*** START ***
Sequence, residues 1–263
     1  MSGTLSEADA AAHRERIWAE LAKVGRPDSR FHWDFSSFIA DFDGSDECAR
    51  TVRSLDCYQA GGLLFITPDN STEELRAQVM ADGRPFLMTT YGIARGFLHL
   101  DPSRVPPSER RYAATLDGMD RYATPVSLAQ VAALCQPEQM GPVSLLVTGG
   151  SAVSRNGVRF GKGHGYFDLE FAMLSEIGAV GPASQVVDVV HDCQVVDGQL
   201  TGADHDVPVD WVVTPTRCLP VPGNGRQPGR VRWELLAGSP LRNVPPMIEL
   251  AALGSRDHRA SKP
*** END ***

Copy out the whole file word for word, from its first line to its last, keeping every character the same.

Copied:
Sequence, residues 1–263
     1  MSGTLSEADA AAHRERIWAE LAKVGRPDSR FHWDFSSFIA DFDGSDECAR
    51  TVRSLDCYQA GGLLFITPDN STEELRAQVM ADGRPFLMTT YGIARGFLHL
   101  DPSRVPPSER RYAATLDGMD RYATPVSLAQ VAALCQPEQM GPVSLLVTGG
   151  SAVSRNGVRF GKGHGYFDLE FAMLSEIGAV GPASQVVDVV HDCQVVDGQL
   201  TGADHDVPVD WVVTPTRCLP VPGNGRQPGR VRWELLAGSP LRNVPPMIEL
   251  AALGSRDHRA SKP